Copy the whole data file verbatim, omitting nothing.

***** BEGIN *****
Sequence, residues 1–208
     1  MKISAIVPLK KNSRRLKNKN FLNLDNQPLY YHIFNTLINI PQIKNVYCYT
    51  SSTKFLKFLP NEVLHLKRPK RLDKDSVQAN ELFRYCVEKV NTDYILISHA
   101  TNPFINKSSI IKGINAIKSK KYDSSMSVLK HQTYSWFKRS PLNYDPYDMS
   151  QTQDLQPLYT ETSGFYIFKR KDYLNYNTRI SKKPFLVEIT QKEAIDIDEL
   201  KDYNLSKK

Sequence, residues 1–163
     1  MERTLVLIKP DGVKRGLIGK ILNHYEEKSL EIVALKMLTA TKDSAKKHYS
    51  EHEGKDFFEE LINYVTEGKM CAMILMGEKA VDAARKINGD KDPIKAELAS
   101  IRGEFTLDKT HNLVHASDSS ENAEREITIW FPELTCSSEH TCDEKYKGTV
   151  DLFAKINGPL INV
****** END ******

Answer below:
Sequence, residues 1–208
     1  MKISAIVPLK KNSRRLKNKN FLNLDNQPLY YHIFNTLINI PQIKNVYCYT
    51  SSTKFLKFLP NEVLHLKRPK RLDKDSVQAN ELFRYCVEKV NTDYILISHA
   101  TNPFINKSSI IKGINAIKSK KYDSSMSVLK HQTYSWFKRS PLNYDPYDMS
   151  QTQDLQPLYT ETSGFYIFKR KDYLNYNTRI SKKPFLVEIT QKEAIDIDEL
   201  KDYNLSKK

Sequence, residues 1–163
     1  MERTLVLIKP DGVKRGLIGK ILNHYEEKSL EIVALKMLTA TKDSAKKHYS
    51  EHEGKDFFEE LINYVTEGKM CAMILMGEKA VDAARKINGD KDPIKAELAS
   101  IRGEFTLDKT HNLVHASDSS ENAEREITIW FPELTCSSEH TCDEKYKGTV
   151  DLFAKINGPL INV